Letters to the Editor: Palm Coast Mayoral Candidate Mike Norris Talks Paradise Lost

Letters to the editor

Palm Coast Mayoral Candidate Mike Norris submitted his letter to the editor this week. Letters to the editor can be submitted for publication by any local Flagler County resident. Letters to the editor are a great way for members of the community to voice their opinions, we do not edit these letters in anyway. To submit your own letter to the editor, email them to us at editor@flaglercountybuzz.com.

Paradise Lost for Profit – Mike Norris

With the closing legislative session, we are witnessing what happens when city leaders’ priorities are skewed by special interests. Some of the foremost experts in urban development and land use optimization have been shouting from the rooftops for years about how to properly use our most vital resource….our available lands. Density within cities should be focused on the city center. Municipalities, along with counties’ tax base expansion, are better served when they invest their dollars in pedestrian friendly, mixed-use development in the urban core, rather than urban sprawl. For more than 2 decades our residents have been promised a thriving downtown business district with the civic activities associated with properly planned communities. Urban sprawl only adds to the increasingly congested roadways with little resources being dedicated to solving the problems that currently exist.

Our city leaders’ priorities for the last 2 years have been to create more urban sprawl, while neglecting our failing existing infrastructure. While they stated that the city’s budget priorities given to the state government were not ranked in any particular order, it’s apparent that their requested funding and received funding was skewed for urban sprawl. First on their list of priorities was continuing to support transportation access to the west, while funding for expansion of Wastewater Treatment Plant #1 was at the bottom of the list. On the governor’s desk right now is a budget that allocates approximately $80 million for the Matanzas Woods Parkway/Palm Coast Parkway Loop Road. At the bottom of the list is Wastewater Treatment Plant #1 which will receive $1 million of the $35 million requested for expansion. This comes at a time, when just a couple of weeks ago, our city council was and continues to toy with the possibility of raising our water bills to pay for needed expansion of the treatment facility. For the time being, the city council has agreed to raise the impacts fees on developers, with the mayor being the lone dissenting vote against. Rapid development has, as you know, impacted our water systems. You are a witnessing a windfall for developers, while the existing residents are left with the aftermath of a city that is getting too big for its britches. Not to mention that Palm Coast will receive no money for the improvements on Old Kings Road, north or south in this year’s budget. A vital road in our transportation network which needs to be expanded.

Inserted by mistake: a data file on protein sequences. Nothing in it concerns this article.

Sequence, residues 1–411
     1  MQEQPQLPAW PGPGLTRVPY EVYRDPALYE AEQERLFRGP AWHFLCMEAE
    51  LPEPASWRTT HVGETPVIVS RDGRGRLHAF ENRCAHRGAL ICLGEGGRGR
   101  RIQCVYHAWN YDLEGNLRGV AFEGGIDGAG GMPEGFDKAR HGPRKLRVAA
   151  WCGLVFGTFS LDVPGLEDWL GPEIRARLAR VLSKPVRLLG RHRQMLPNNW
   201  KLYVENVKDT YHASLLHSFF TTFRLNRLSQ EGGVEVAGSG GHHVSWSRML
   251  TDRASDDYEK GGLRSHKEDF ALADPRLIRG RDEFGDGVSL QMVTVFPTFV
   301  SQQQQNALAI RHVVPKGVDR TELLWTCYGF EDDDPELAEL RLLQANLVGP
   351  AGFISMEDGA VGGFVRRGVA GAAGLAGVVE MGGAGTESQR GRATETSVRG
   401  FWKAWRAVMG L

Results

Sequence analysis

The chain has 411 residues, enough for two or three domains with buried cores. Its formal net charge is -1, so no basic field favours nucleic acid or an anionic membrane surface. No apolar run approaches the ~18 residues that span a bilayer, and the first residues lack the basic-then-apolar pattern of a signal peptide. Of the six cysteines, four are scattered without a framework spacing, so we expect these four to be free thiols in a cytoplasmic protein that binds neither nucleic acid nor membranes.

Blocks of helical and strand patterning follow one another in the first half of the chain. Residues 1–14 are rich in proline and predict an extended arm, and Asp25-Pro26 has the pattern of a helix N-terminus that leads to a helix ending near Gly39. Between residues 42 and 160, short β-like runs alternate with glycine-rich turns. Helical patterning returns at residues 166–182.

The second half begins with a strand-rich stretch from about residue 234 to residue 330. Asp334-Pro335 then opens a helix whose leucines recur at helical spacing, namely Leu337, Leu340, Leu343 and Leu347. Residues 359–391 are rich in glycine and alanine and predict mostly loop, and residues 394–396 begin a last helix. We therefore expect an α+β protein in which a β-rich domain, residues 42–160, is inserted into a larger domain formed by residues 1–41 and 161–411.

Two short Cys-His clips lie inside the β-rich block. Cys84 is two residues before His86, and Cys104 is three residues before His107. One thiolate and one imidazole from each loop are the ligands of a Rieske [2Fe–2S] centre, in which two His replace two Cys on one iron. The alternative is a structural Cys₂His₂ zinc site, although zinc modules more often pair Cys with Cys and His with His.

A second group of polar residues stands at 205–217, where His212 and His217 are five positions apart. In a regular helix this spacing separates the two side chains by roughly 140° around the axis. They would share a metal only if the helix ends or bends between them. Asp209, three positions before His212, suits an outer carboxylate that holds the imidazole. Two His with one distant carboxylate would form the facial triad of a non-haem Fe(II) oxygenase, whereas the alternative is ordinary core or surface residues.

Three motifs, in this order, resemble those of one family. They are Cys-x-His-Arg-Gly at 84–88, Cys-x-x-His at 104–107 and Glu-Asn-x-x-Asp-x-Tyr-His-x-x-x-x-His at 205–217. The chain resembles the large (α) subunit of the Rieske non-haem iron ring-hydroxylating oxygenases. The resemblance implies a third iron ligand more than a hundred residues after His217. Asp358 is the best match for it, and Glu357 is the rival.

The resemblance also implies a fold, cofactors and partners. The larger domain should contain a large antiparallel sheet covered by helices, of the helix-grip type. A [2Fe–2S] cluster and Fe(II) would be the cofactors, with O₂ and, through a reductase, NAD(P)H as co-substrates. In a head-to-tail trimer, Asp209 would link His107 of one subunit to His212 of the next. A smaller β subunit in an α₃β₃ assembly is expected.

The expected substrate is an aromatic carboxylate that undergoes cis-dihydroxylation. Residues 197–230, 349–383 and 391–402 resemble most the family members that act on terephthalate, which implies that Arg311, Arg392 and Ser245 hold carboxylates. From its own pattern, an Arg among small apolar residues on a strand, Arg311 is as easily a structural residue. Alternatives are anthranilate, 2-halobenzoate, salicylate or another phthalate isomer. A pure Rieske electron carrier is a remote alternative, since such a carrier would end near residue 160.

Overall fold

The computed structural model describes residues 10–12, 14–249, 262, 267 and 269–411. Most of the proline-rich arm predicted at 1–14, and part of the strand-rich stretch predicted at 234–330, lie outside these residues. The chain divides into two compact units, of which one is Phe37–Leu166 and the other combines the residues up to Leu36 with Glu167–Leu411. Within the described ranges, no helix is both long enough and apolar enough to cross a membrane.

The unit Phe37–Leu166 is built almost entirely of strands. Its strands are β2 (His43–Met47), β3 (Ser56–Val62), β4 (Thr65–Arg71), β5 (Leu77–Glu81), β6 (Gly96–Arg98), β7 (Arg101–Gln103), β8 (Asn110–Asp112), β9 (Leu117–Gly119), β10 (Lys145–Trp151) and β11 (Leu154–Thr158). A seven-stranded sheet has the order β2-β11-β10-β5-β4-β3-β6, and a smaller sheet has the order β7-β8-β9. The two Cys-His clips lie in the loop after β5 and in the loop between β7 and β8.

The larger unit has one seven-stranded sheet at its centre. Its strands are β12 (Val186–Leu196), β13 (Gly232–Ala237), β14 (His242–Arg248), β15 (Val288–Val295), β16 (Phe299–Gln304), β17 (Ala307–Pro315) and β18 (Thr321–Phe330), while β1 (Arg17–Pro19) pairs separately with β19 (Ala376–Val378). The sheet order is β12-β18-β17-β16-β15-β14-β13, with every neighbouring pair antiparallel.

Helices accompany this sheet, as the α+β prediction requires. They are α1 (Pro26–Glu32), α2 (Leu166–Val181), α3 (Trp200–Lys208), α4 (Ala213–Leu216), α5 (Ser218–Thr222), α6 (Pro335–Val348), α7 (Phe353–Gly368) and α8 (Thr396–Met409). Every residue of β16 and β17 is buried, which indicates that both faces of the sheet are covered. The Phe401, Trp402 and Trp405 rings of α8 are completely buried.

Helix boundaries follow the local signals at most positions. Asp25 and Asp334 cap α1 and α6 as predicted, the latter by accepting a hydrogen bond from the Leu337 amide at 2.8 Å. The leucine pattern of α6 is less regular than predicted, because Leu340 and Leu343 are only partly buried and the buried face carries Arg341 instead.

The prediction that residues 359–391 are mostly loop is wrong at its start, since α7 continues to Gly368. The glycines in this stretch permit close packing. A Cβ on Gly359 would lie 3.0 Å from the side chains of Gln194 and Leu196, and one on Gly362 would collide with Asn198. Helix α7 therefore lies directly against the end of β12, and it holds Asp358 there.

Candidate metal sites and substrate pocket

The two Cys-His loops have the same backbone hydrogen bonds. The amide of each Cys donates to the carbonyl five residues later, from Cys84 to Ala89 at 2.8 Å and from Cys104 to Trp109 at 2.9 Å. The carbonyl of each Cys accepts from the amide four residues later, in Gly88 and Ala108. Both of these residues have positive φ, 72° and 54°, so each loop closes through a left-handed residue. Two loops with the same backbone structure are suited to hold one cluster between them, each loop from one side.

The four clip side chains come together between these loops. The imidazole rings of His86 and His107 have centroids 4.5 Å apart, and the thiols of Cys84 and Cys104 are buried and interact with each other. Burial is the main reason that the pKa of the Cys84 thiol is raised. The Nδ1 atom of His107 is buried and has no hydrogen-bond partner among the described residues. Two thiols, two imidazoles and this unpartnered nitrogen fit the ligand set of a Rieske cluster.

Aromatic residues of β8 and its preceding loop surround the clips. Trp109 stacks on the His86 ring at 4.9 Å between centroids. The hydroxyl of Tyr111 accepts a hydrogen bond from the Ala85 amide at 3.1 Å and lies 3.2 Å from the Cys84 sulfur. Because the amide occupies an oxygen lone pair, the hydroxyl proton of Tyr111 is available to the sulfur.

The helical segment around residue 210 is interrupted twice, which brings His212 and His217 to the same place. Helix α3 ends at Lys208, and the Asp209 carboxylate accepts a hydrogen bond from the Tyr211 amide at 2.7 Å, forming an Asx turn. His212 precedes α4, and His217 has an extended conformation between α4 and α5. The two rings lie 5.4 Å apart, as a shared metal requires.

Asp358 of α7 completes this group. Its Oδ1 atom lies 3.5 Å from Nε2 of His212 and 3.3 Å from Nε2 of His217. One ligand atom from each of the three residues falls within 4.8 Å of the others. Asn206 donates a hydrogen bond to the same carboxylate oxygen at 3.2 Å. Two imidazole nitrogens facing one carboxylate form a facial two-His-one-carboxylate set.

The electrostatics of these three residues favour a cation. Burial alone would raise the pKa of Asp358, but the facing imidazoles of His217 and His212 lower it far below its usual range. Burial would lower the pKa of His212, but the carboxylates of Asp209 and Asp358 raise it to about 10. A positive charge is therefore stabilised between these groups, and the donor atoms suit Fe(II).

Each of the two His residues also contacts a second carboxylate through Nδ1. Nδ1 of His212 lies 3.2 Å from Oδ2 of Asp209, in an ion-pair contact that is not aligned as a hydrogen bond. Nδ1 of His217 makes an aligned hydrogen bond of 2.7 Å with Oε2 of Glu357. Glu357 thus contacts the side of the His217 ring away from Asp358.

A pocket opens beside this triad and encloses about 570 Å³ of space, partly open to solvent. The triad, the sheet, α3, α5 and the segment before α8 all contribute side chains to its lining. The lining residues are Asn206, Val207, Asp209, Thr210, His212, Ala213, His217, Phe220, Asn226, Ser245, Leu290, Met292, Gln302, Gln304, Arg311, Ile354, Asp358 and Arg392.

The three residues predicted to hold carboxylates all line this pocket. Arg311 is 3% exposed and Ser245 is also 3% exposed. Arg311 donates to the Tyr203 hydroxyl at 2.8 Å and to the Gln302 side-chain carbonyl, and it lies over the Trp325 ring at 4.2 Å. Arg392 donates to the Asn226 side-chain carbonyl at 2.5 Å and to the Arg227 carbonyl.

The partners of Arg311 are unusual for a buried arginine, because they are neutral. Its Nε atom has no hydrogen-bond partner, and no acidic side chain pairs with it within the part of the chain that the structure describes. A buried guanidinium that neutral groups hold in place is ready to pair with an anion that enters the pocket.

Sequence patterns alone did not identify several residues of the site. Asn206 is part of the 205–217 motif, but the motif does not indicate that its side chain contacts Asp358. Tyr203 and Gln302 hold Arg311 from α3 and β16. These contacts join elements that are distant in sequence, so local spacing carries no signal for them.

We continue to see flooding in existing residential neighborhoods due to poorly managed
planning. Our road system, stormwater system, and water treatment systems decline…all in the name of profits disguised as “progress”. My priorities as the next Mayor of Palm Coast, if successful, is to return responsible governance to our city and improve our quality of life, while attracting industrial growth and employment opportunities for our residents. I am committed to improving the quality of life in our city by focusing on five key areas of concern:

Revitalizing existing infrastructure. Our city’s infrastructure is aging and is being strained by the upsurge in growth. We have to get back to the basics and prioritize resources to address critical systems that support our residents’ well-being. This includes safe and well-maintained roadways, a fully functioning storm water system, and safe water. Our priorities for state revenues should be concentrated towards shoring up existing infrastructure before expanding our city’s boundaries.